LATERAL (e.g., taking bearings)

Determining the warrant and meaning of an assertion through its context.  For textual documents, this includes:

  • Reviewing secondary sources cited/footnoted in the original text. Is the original source's interpretation accurate ? Do the secondary sources provide more meaning?

  • Reading commentary, analysis, and criticism of the original text

  • Evaluating the historico-political context of the original text and its author(s).

conclusions

1.

OUR APPROACH TO TRUTH MUST FIT OUR PURPOSES

2.

WARRANTED ASSERTION IS A USEFUL CONCEPTION OF TRUTH WITHIN ACADEMIC RESEARCH + POPULAR MEDIA

the priority of practical uses over abstract conceptions

3.

POST-TRUTH IS INCOHERENT + IMPLAUSIBLE + DISTRACTING

focus is needed on creating the conditions that encourage information evaluation and proliferation to operate according to justification within the space of reasons (e.g., Correia, 2018, emphasizes contextual debiasing )

4.

THERE ARE TECHNIQUES TO MAKE THE INTERACTIONS BETWEEN ASSERTIONS IN THE SPACE OF REASONS EXPLICIT

contextualizing assertions within the space of reason: on entailment and being entailed by

contextualizing assertions within the space of reason: on entailment and being entailed by

Questions?

Thanks

examples from class

example technique to emphasize lateral interpretation

MALAPROPISMS + COMMUNICATION

At a BBQ, a friend tells you, "I'm going to get a hutdog ."

+

"hut" + "dog"

WE NEED TO APPEAL TO SALIENT CONTEXTUAL INGREDIENTS TO MAKE SENSE OF THIS STATEMENT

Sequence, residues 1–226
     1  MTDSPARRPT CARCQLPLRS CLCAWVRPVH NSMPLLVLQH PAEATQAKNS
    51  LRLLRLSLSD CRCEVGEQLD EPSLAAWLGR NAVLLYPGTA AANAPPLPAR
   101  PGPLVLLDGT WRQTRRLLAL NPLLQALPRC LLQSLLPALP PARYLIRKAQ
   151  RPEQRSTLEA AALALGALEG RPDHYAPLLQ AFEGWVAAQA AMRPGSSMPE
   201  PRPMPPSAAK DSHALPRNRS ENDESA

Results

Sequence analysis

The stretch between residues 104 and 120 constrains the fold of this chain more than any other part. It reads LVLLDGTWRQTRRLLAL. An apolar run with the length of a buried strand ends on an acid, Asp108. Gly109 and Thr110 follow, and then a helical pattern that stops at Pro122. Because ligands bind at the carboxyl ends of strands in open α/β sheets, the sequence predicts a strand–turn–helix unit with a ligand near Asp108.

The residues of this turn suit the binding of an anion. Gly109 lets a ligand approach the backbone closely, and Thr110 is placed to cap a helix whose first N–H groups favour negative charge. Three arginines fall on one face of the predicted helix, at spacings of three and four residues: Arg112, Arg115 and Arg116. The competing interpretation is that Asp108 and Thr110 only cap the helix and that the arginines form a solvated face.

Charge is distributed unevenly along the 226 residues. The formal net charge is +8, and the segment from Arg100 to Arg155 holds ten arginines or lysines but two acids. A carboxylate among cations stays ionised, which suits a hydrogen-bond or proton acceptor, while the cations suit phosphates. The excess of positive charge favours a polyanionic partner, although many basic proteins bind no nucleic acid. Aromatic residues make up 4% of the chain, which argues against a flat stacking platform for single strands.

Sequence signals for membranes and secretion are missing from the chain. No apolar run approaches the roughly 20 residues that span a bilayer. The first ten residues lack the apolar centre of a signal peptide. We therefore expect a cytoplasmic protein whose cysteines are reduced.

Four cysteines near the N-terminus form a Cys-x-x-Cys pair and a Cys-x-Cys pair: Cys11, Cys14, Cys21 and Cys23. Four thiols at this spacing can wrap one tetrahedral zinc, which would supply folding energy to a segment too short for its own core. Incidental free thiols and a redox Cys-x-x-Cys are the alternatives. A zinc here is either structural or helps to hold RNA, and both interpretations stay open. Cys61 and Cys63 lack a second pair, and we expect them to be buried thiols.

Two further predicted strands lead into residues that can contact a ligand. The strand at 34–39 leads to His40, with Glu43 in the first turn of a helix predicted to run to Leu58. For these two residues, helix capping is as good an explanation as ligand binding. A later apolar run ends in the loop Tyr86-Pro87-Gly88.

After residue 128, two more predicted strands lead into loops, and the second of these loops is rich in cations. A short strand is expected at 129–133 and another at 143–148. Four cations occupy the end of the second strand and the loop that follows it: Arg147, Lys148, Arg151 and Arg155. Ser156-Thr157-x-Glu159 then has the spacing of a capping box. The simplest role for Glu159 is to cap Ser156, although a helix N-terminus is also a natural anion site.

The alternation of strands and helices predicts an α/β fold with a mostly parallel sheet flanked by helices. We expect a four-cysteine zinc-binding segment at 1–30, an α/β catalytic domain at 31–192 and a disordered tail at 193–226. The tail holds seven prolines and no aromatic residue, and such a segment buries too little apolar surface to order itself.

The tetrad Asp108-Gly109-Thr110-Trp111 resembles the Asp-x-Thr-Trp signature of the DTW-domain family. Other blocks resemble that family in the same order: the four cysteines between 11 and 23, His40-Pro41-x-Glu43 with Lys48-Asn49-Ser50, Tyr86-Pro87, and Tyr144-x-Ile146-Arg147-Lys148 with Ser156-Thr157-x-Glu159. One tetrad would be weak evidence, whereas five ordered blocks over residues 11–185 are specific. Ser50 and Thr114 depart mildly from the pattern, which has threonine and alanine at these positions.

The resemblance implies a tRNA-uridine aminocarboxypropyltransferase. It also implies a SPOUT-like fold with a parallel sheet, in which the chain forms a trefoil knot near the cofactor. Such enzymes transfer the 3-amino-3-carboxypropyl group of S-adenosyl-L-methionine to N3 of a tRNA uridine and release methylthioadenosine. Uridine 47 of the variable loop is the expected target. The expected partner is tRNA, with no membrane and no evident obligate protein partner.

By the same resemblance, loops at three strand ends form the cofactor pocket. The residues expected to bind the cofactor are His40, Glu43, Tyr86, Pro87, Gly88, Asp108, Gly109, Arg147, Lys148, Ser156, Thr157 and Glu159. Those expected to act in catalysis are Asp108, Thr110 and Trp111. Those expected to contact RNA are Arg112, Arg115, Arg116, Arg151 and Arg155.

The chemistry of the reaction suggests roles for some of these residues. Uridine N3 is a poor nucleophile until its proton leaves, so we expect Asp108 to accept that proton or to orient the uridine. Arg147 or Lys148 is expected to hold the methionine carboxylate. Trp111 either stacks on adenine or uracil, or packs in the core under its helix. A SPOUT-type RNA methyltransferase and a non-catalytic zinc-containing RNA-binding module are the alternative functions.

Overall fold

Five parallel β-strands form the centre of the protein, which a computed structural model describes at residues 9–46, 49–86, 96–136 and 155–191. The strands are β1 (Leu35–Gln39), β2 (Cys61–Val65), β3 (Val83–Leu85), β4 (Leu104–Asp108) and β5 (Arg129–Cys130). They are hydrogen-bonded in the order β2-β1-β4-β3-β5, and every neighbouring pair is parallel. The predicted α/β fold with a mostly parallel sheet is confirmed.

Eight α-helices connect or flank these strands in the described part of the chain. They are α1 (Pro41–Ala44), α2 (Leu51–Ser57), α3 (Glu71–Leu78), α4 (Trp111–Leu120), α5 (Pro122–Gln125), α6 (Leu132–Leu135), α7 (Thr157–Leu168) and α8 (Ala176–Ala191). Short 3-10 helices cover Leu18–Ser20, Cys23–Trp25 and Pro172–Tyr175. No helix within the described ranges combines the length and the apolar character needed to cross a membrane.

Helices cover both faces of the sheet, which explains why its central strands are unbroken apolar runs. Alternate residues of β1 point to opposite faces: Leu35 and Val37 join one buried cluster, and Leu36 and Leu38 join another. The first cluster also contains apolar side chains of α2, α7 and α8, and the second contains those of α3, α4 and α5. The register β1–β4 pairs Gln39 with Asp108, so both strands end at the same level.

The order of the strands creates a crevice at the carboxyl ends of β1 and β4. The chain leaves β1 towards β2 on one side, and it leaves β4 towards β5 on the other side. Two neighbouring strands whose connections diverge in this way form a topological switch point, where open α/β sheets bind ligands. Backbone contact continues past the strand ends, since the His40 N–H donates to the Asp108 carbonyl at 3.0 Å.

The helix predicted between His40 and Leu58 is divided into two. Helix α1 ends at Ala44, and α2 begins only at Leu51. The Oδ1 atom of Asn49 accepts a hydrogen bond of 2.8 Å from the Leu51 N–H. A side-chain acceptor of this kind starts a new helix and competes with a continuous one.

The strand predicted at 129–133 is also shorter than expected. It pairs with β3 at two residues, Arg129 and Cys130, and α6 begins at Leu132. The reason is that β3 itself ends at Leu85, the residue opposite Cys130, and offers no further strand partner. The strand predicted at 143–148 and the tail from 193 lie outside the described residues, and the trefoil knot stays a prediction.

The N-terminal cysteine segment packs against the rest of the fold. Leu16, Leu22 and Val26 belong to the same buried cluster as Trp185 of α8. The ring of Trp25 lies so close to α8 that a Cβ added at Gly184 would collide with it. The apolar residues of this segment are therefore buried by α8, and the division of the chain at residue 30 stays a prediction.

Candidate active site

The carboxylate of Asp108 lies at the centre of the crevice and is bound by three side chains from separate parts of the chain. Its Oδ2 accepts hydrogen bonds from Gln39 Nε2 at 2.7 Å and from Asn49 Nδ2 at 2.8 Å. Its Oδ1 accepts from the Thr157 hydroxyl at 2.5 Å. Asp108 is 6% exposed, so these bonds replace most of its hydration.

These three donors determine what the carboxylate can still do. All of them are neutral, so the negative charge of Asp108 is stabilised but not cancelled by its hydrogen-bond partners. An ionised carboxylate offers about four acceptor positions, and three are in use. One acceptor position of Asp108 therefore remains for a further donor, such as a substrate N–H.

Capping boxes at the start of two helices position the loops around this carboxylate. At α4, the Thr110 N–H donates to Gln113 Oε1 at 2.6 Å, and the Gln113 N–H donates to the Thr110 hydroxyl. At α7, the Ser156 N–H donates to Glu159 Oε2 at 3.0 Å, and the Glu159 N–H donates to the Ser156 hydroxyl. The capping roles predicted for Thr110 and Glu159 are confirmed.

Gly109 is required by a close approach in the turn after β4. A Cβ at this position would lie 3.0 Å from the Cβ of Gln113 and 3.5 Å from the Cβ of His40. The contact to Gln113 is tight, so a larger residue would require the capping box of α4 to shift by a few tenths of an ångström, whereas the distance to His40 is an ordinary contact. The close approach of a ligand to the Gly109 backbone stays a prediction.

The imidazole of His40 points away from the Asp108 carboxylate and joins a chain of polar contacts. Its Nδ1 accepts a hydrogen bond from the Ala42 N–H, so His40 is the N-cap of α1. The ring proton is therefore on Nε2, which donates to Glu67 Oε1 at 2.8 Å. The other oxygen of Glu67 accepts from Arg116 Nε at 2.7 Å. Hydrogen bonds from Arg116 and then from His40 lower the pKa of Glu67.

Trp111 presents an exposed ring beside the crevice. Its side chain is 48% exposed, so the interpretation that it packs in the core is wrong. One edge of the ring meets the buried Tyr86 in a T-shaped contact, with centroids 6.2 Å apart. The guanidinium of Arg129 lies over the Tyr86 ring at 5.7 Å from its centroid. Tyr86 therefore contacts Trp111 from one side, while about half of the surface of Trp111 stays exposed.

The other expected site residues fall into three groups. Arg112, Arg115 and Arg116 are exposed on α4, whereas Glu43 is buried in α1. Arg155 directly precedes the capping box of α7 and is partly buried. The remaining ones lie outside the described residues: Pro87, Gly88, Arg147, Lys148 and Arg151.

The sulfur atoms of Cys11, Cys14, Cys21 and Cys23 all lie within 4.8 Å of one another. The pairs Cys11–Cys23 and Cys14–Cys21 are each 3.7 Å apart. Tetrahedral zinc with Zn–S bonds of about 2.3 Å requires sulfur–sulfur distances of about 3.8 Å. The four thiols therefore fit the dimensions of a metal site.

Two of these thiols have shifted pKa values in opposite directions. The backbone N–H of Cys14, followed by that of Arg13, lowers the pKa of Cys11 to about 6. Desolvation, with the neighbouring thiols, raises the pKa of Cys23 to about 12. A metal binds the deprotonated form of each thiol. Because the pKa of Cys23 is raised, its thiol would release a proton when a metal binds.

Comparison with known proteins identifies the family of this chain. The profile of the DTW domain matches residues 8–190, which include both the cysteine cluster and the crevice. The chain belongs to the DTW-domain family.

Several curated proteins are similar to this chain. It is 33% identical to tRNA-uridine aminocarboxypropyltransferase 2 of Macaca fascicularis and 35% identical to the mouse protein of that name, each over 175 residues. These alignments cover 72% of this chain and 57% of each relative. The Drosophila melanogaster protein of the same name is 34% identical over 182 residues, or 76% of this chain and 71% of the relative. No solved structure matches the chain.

Citation


INDIGENOUS RESEARCH METHODOLOGIES + CITATION

  • In general, students were not citing sources, let alone citing according to a given style.

  • I consulted with students, elders, and Indigenous professors, and relevant literature to emphasize the relational nature of citation, rather than focusing primarily on academic integrity. 

  • As a result, we framed citation in terms of Indigenous scholar and educator Evelyn Steinhauer's criteria for research: "Respect, Reciprocity and Relationality (as cited in Wilson, 2008, p.58). 

  • Result: instructors said citation was more prevalent as a practice among students. This did not markedly improve the alignment with citation style standards.

References

Blake, A. (2017, November 29). Sarah Huckabee Sanders just tacitly endorsed using anti-Muslim propaganda. The Washington Post. Retrieved from https://www.washingtonpost.com/news/the-fix/wp/2017/11/29/the-trump-white-house-just-tacitly-endorsed-anti-muslim-propaganda/

 

Brandom, R. (1983). Asserting. Noûs, 17(4), 637–650.

 

Brandom, R. (2001). Articulating Reasons. Cambridge, MA: Harvard University Press.

 

Correia, V. (2018). Contextual debiasing and critical thinking: Reasons for optimism. Topoi, 31(1), 103-111.